Yedidia Z. Stern
Yedidia Z. Stern
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The (non-)draft law for Haredim

Lowering the draft age for the ultra-Orthodox to let them leave the army at the usual age sounds like a good idea, but it might just bring down this people's army
Ultra-Orthodox men walk outside the IDF recruitment office in Jerusalem, on December 5, 2019. (Olivier FitoussiFlash90)
Ultra-Orthodox men walk outside the IDF recruitment office in Jerusalem, on December 5, 2019. (Olivier FitoussiFlash90)

Amazingly, the IDF Draft Law the government is trying to get passed in the Knesset has been swallowed whole by the Israeli public – without choking or even clearing its throat. Past attempts to enact conscription laws have toppled governments, caused political parties to form and disband, and driven hundreds of thousands of protesters to the streets. The High Court of Justice has deployed its doomsday weapon – the nullification of Knesset laws – on this issue more than any other. Yet now there is wall-to-wall silence.

The Haredim are silent, even though the legislative effort is led by Liberman and Lapid, who are perceived as hostile to them, and even though the proposed law sets annual conscription targets backed up by economic sanctions in the event of non-compliance. At the same time, the “sharing the burden” camp is also silent, even though the bill dramatically lowers the exemption age — by three years! — so that yeshiva students could return to civilian life at age 21, the age when other young Israelis return their uniforms to the IDF’s Bakum processing center.

On its face, the current silence is a positive expression of compromise: the Haredim understand the limits of power and are willing to accept the targets and sanctions — so long as the principle of not forcing Haredim to be drafted against their will is maintained. Here, they say, even Liberman and Lapid accept the principle of Torato umanuto (Torah study is his main occupation). The “sharing the burden” proponents, for their part, having despaired of their primary objective, decided to make do with the Haredim joining the labor force at a young age. For them, lowering the exemption age is a smart move — removing the barrier to Haredi employment, even if unfairly perpetuating the burden inequality. 

Although in my view, a compromise on the conscription issue is necessary, the one currently proposed is flawed and should be rejected.

First, the intended annual increase in the number of Haredi conscripts is only about 130, and the total number envisioned four years from now is 2,100 (out of 11,000 Haredi males in the annual birth registry). This makes a mockery of the whole idea of Haredi service. Lowering the target numbers would likely result in the sanctions not being implemented, and even if they were, it would only happen in two years. The chances of the law being changed by then are high. It is understandable, then, why the Haredim are not worried.

Second, lowering the exemption age is meant to increase the number of Haredim entering the work force at a young age. This is an important and worthy goal. According to the most optimistic forecasts that can be derived from Bank of Israel and Israel Democracy Institute studies, the change would be reflected in a 10-20 percent rise in the number of employed Haredim. Great, but at what price?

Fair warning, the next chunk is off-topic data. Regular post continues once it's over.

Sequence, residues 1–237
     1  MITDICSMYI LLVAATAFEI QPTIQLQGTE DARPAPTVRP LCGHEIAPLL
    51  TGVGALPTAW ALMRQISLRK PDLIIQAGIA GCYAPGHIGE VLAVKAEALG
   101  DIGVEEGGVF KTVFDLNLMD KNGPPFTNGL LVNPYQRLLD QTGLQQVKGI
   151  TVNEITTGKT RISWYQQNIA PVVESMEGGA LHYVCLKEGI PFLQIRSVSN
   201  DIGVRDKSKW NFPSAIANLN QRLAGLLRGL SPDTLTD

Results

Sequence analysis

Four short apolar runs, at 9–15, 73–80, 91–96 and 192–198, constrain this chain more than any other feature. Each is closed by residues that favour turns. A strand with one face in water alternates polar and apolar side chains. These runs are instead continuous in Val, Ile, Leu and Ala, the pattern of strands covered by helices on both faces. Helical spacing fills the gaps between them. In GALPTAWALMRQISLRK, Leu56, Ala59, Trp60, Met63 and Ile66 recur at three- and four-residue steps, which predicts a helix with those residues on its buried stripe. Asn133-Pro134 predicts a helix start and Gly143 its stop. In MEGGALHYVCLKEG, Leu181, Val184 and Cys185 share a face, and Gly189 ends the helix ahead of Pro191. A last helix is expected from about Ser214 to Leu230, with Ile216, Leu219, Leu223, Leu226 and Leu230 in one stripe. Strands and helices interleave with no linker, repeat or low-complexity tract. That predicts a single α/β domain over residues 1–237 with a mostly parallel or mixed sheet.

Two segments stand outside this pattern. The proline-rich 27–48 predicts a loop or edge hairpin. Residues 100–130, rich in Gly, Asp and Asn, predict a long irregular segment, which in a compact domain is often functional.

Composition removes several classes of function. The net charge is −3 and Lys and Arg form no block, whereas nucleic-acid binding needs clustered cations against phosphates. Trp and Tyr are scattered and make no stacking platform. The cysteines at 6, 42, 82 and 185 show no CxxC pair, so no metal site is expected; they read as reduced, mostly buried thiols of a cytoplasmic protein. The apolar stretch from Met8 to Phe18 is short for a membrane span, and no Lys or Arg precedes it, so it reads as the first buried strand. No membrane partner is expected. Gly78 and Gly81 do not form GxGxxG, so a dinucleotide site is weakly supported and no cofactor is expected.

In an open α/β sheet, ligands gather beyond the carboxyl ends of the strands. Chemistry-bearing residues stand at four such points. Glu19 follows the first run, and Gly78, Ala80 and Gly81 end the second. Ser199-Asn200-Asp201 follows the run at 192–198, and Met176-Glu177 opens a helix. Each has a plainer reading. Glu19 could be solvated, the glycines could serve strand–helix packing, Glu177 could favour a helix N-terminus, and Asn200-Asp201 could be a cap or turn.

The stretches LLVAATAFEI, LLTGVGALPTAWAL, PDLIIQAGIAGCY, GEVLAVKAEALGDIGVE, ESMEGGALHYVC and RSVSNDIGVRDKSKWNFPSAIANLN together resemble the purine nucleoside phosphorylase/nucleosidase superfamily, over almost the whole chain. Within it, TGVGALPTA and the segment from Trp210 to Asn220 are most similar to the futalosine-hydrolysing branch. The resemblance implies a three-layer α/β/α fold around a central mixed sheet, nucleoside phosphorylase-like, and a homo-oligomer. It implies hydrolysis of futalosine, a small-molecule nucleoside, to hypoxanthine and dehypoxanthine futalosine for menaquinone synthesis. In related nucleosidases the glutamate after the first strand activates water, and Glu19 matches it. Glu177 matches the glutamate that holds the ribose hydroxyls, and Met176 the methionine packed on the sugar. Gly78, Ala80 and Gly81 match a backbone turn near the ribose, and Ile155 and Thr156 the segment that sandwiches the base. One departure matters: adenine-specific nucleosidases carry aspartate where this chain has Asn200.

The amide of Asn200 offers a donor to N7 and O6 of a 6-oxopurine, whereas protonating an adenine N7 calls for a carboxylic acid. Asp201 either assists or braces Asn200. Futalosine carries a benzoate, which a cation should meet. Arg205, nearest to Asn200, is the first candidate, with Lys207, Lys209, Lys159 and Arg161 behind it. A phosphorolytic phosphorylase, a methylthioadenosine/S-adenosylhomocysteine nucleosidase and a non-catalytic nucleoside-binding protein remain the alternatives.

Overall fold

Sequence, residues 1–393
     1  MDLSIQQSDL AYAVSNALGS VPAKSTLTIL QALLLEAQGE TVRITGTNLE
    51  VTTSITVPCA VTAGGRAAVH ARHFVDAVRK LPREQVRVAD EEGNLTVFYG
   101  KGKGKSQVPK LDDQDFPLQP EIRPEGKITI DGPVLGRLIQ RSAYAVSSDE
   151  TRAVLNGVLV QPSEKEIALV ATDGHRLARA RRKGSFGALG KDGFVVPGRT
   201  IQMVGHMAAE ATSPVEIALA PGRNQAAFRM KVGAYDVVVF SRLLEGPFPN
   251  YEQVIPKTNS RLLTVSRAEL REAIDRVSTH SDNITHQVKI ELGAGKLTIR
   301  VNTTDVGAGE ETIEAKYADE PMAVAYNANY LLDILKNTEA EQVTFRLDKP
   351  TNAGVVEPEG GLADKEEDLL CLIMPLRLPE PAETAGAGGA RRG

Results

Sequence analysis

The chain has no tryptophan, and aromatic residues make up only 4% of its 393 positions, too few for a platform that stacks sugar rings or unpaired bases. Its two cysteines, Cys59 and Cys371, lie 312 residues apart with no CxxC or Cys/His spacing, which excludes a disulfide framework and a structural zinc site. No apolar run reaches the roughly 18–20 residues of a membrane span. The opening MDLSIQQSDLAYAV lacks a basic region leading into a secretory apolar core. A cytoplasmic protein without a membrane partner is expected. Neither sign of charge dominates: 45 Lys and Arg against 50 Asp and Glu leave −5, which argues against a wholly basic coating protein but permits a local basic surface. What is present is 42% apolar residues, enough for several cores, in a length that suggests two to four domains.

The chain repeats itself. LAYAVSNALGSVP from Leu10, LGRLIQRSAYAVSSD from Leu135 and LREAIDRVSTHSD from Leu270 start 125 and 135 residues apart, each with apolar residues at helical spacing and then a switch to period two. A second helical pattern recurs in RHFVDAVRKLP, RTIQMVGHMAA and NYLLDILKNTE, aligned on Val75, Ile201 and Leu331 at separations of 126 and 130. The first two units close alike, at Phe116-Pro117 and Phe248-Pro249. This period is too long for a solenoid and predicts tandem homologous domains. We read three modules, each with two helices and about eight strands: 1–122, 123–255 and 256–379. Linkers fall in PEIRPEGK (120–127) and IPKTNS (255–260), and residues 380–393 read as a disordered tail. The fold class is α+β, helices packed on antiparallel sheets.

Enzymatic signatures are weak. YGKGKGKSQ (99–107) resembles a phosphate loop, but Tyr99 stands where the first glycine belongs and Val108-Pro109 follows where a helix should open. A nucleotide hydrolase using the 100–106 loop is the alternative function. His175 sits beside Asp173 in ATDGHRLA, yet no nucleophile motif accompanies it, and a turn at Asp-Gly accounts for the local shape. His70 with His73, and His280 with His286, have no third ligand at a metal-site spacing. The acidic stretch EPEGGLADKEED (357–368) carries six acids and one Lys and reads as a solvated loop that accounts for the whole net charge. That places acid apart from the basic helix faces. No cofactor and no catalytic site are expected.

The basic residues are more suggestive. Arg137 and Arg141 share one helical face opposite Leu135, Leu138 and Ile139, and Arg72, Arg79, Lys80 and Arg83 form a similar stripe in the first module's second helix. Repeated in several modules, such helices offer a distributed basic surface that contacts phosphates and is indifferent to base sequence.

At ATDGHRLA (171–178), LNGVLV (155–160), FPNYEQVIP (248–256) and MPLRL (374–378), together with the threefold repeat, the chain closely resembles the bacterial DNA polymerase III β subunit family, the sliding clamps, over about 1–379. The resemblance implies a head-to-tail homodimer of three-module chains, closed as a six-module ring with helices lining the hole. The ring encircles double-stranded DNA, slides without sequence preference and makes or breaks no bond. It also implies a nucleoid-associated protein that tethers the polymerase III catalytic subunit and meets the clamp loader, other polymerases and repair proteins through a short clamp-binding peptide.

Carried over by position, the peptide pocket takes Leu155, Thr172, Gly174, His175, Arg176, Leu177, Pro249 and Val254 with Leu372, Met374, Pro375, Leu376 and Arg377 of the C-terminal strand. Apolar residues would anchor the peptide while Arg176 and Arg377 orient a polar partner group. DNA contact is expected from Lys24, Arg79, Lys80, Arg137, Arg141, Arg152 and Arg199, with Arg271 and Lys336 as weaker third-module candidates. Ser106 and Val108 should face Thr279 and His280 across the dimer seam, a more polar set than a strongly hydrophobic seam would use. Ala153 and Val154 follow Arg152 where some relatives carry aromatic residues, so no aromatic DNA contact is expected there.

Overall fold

I wish I were wrong, but if the proposed law is passed, it must be assumed that the dangerous process of rescinding the IDF’s status as a “people’s army” would gain significant and alarming momentum. 

A law — endorsed not only by the Israeli right, which looks askance at the Haredim, but also by the entire Israeli center and left (!) – that exempts over 80% of the Haredim from any military service obligation would transform the recognition of inequality from the status of an “after-the-fact” political constraint (one that could be changed) into an “a priori” reality. Put simply, lowering the Haredi exemption age to match the IDF discharge age would amount to the Israeli majority waving a white flag in the struggle for equitable conscription. Will our children who serve in the army accept this with equanimity? 

Already today, Haredi men constitute 16% of the annual conscription cohort, and their share will increase in the future. When a center-left government approves this massive exemption — and take heed, it is not a postponement of service, but rather a true exemption because the maximum deferral age would match the army discharge age — it undermines the legitimacy of a “compulsory draft” for the rest of the population.

The benefit of re-routing a few thousand Haredim (estimated at 3,000) to a productive life path is far smaller than the danger of dismantling Israel’s most important institution — not just for security but for social resilience — the people’s army. 

Finally, one need not be an expert jurist to know that the proposed law is far from meeting the standards set by the High Court in a series of rulings that overturned earlier conscription laws. If the High Court does not change its mind (only Justice Amit has proposed a radical solution in the direction suggested by the law), it will declare the new draft law unconstitutional and thus null and void. Although there are targets and sanctions, they are a thin soup. On the other hand, lowering the exemption age would be  an extreme escalation of the current inequality, which the High Court would not condone.

It is appropriate and also possible to reach a compromise with the Haredim, but not through a non-recruitment law whose goals are meager, whose social dangers are many, and whose legal validity is shaky.

About the Author
Yedidia Stern is president of the Jewish People Policy Institute and a professor of law at Bar-Ilan University, who was previously a senior fellow at the Israel Democracy Institute.
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